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Inside CSULB
Vol 57 No. 19 : December, 2005
Vol 57 No. 19 | December, 2005
Grant Awarded to Improve State’s Crisis Management

The U.S. Department of Health and Human Services recently awarded a curriculum development grant of $97,000 renewable for two more years to Health Science faculty members Veronica Acosta-Deprez and Dr. Sarath Gunatilake. The grant will support a new curriculum to train Southern California pre-service health professionals for bioterrorism and emergency preparedness to improve the state’s crisis management.

“We put together this proposal as a very long shot,” said Gunatilake, a Long Beach resident who joined the university in 1987. “But we were one of only three to win awards on the West Coast and one of only 13 in the entire nation.”

The grant, issued through Health and Human Services’ Health Resources Services Administration, will fund the creation of a three-tiered curriculum designed to train CSULB students and community members in disaster preparedness.

“Our proposal was very much what the department needed,” said Acosta-Deprez, a Los Alamitos resident who joined the university in 1996. “We have a strong core group of faculty in health and health-care-related fields on this campus who are dedicated and motivated to offer their expertise and experiences in a project such as this. Dr. Gunatilake was an eyewitness to the tsunami disaster that struck Sri Lanka last year. We’ll work with four departments in the College of Health and Human Services namely, Health Science, Health Care Administration, Professional Studies, and Nursing to develop this curriculum. There are lots of disaster management training programs out there but they are discipline specific. This project will be multicultural, multidisciplinary and collaborative.”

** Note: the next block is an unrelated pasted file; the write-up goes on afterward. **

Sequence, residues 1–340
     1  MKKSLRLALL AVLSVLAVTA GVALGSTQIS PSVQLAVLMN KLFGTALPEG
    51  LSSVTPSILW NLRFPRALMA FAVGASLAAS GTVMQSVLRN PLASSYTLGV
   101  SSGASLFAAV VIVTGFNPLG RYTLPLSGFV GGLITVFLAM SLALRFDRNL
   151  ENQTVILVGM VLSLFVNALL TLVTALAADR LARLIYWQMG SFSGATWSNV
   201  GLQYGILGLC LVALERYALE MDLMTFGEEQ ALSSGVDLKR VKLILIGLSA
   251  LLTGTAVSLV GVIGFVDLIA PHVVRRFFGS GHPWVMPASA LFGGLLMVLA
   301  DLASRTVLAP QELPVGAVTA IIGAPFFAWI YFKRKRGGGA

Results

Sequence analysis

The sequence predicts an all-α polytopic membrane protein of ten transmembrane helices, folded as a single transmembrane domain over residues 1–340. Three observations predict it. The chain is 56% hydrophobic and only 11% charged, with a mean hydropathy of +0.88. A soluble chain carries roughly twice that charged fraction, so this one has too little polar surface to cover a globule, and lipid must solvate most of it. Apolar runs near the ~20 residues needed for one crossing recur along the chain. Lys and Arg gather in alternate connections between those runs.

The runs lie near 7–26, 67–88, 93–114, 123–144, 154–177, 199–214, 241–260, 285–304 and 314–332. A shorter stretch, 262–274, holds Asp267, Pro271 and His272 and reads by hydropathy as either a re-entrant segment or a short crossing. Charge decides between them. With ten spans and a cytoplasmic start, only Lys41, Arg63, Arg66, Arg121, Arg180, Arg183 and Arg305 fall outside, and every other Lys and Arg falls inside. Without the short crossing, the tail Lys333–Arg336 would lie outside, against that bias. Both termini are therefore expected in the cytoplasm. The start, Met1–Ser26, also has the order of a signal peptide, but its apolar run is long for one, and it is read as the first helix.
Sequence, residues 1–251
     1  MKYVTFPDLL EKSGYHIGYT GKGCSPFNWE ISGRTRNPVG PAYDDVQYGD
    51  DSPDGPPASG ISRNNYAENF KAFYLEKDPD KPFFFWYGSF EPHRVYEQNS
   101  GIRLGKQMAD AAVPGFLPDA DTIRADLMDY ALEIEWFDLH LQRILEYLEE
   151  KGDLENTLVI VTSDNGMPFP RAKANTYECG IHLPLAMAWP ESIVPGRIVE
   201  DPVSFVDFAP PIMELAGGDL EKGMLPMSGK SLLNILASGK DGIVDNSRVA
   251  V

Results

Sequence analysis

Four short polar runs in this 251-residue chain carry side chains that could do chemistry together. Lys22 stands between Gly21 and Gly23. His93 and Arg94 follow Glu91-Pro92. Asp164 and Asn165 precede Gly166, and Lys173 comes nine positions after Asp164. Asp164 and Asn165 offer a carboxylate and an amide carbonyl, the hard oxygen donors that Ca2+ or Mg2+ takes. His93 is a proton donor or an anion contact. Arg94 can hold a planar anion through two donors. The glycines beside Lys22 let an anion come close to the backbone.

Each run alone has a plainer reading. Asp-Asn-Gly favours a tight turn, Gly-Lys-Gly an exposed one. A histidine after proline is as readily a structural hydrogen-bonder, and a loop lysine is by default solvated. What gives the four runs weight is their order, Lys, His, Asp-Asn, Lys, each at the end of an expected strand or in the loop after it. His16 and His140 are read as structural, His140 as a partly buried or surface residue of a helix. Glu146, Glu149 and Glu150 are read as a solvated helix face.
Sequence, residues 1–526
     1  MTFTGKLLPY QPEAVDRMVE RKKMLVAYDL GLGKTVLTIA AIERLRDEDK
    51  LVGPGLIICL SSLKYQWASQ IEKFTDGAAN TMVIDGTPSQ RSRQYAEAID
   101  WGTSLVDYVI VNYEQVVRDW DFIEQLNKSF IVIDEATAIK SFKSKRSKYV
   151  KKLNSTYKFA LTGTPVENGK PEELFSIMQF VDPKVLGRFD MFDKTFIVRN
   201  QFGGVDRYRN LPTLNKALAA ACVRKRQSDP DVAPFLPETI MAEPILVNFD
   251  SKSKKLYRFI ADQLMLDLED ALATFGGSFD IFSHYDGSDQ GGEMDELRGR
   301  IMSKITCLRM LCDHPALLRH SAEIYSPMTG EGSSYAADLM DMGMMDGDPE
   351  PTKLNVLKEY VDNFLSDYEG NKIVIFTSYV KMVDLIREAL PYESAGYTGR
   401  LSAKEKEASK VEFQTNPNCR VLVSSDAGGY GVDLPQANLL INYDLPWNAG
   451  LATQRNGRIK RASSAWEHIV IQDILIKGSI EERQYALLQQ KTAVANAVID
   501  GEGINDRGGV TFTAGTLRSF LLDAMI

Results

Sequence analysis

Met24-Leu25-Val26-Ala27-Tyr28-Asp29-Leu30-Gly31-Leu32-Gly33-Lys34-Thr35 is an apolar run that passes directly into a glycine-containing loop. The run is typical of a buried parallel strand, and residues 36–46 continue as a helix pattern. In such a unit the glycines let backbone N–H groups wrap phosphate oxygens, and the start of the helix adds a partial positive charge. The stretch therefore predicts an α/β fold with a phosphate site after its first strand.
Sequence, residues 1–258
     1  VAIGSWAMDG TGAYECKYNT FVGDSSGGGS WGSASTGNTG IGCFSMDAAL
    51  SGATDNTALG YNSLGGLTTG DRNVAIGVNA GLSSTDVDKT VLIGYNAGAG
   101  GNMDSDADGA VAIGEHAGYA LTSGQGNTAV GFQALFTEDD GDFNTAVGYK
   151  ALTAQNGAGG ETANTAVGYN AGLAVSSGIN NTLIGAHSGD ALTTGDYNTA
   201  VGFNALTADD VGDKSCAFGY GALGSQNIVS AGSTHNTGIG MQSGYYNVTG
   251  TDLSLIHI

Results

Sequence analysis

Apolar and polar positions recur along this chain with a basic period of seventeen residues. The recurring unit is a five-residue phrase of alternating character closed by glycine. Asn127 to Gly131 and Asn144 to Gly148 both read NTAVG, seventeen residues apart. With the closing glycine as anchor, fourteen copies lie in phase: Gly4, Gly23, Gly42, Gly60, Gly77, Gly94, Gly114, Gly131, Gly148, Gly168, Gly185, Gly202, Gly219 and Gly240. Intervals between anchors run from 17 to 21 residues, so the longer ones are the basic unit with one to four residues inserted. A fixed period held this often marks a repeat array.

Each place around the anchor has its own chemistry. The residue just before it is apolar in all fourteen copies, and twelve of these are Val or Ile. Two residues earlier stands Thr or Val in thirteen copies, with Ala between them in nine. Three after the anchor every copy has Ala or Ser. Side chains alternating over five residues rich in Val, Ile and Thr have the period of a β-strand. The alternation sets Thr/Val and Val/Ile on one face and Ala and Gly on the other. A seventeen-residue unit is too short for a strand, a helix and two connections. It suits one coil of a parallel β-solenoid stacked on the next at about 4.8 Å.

Gunatilake is the only practicing physician holding a full-time faculty position at CSULB. The Sri Lankan-born public health consultant to 13 countries and past representative of the World Bank, the World Health Organization, UNICEF, USAID and the South Pacific Commission graduated from medical school in Sri Lanka, where he completed a combined residency in gynecology/obstetrics and internal medicine before arriving in the U.S. in 1979.

Acosta-Deprez came to the United States from her home in the Philippines where she earned a degree in nursing. She enrolled at the University of Wisconsin-Madison to earn a master’s and a Ph.D. in curriculum and instruction with an emphasis on health education and instructional technology.

The multidisciplinary program will collaborate with the City of Long Beach Public Health Department’s Bioterrorism and Disaster Preparedness Program, the Long Beach Port Authority and the Long Beach Fire and Police departments.

“Our goal is to develop a curriculum open to CSULB students and the community,” said Gunatilake. “We want to develop a large group of volunteers who will be available in case of disaster in the Long Beach and Los Angeles areas as well as middle and top level management staff.”

There will be eight modules of instruction, Acosta-Deprez explained. “The first two will train volunteers through undergraduate courses at CSULB. The third and fourth modules will be aimed at undergraduates who will integrate their skills into disaster preparedness. For instance, a nursing major could be trained to administer immunizations. The fifth and sixth modules will be open to graduate students who will be trained as managers. The last two modules will be case- and problem-based where all the students who accomplished modules one through four will come together to participate in table top exercises, case study scenarios, and simulations.”

The complete curriculum will be entered into a Web site that will be accessible online to anyone interested in utilizing them.

“This is a way of putting CSULB at the forefront of disaster management,” said Gunatilake. “What we create here will have an impact nationally and internationally.”

 

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